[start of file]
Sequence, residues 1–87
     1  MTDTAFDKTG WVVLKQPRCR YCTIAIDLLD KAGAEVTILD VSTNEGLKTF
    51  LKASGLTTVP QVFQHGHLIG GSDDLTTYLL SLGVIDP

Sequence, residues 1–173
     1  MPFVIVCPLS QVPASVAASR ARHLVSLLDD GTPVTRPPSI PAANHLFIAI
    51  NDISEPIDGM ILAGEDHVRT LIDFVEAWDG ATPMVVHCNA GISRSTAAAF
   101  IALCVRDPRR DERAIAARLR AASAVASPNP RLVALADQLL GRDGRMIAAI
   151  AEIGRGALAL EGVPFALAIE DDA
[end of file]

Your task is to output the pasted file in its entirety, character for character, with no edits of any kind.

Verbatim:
Sequence, residues 1–87
     1  MTDTAFDKTG WVVLKQPRCR YCTIAIDLLD KAGAEVTILD VSTNEGLKTF
    51  LKASGLTTVP QVFQHGHLIG GSDDLTTYLL SLGVIDP

Sequence, residues 1–173
     1  MPFVIVCPLS QVPASVAASR ARHLVSLLDD GTPVTRPPSI PAANHLFIAI
    51  NDISEPIDGM ILAGEDHVRT LIDFVEAWDG ATPMVVHCNA GISRSTAAAF
   101  IALCVRDPRR DERAIAARLR AASAVASPNP RLVALADQLL GRDGRMIAAI
   151  AEIGRGALAL EGVPFALAIE DDA